Sunday’s Super Bowl offers many matchups to watch, including Colin Kaepernick vs. the Ravens run defense, Joe Flacco vs. the 49ers secondary and Jim Harbaugh vs. John Harbaugh.
But one of the most intriguing and important duels will be played out away from most cameras: 49ers left guard Mike Iupati vs. Ravens defensive tackle Haloti Ngata.
Iupati, in his third NFL season, was a Pro-Bowl pick for the first time this year and has been perhaps the most dominant offensive lineman on San Francisco’s dominating, physical offensive line.
The 6-foot-5, 331-pound former first-round pick out of Idaho combines with Pro Bowl tackle Joe Staley to form perhaps the best left side in the NFL. Since coming into the league, Iupati has started every game over three seasons.
This season, Iupati was compared by former 49ers standout guard Randy Cross to Larry Allen, certainly a future Hall of Famer who played for the Cowboys, and former Raiders coach John Madden said: “Mike Iupati is not somebody I’d want to line up against. A couple of steps and he’s at full power. That was a hell of a draft choice.”
When Iupati was playing for Idaho, former Vandals and Green Bay Packers standout guard Jerry Kramer called the Packers to rave about him.
As Kramer recalled it to Jerry McDonald of the Bay Area News Group this week, he said: “I’ve never called you guys about anything, but I’ve just seen the best prospect I’ve seen in 40 years. You’d better take a look at this kid.”
Yet as good as Iupati is, he will have his hands full with Ngata.
Ngata, the former Oregon All-American, is in his seventh season with Baltimore. At 6-foot-4 and 340 pounds, he’s even bigger than Iupati and is a quick, nimble athlete who was a standout rugby player in Utah, where he grew up.
He was selected to his fourth Pro Bowl this season and is a two-time All-Pro. This season he had his fifth straight season with five or more sacks – an amazing accomplishment for a defensive tackle – and was in on 50 tackles, while missing two games.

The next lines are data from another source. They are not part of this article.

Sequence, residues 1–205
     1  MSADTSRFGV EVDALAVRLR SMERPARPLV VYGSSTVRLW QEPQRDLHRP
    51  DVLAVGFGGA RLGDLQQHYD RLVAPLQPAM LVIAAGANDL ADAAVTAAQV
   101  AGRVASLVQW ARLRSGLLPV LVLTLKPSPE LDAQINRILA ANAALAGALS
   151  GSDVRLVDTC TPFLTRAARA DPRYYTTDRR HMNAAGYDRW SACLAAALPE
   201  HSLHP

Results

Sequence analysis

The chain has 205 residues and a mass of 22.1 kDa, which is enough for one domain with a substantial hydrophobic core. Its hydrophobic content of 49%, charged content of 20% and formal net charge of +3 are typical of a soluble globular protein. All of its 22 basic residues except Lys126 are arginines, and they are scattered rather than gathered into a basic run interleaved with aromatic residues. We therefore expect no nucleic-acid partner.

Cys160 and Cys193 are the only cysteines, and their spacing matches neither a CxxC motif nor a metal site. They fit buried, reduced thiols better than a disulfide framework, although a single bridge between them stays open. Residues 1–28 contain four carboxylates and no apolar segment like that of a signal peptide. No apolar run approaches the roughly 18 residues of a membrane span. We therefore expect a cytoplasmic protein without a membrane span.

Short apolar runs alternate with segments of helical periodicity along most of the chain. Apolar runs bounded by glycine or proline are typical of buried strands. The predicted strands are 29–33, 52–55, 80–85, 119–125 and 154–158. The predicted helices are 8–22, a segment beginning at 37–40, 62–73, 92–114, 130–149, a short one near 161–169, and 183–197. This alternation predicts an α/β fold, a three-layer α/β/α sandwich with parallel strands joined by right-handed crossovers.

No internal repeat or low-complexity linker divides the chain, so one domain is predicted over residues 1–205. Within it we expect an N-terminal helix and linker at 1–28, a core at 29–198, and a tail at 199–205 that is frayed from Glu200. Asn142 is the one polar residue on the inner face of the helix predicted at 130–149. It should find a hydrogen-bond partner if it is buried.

If Ngata can neutralize Iupati, he could create a logjam in the middle of the 49ers line and stuff San Francisco’s running game.
What makes Ngata so difficult to block is his quickness, balance and athletic ability. Ravens linebacker Paul Kruger told the Salt Lake Tribune this week that Ngata is among the team’s top three athletes and “can move like a running back.”
Clarence Brooks, the Ravens defensive line coach, says Ngata can roam farther laterally than most defensive tackles to disrupt opponents’ plays.
“Other people are surprised by his overall athletic ability, based on his size whenever you see him,” Brooks told the Tribune. “He can do some things that are cat-like.”
Former NFL scout Daniel Jeremiah, now an analyst for NFL.com, says the Iupati vs. Ngata clash could be a difference-maker.
“This is going to be one of the more fun matchups to follow in this Super Bowl,” Jeremiah wrote. “Both players possess rare size, power and aggressiveness.”
In particular, Ngata is excellent against the run. If Iupati can’t handle him one-on-one, the 49ers might have to devote another blocker to him – or run elsewhere.
Though Ngata dealt with some injuries this season, the two weeks off between the AFC title game and Super Bowl should help him – just as it helps San Francisco defensive end Justin Smith.
Wrote Jeremiah, who gives Ngata the edge against Iupati: “When he’s fresh and healthy, he can dominate the line of scrimmage.”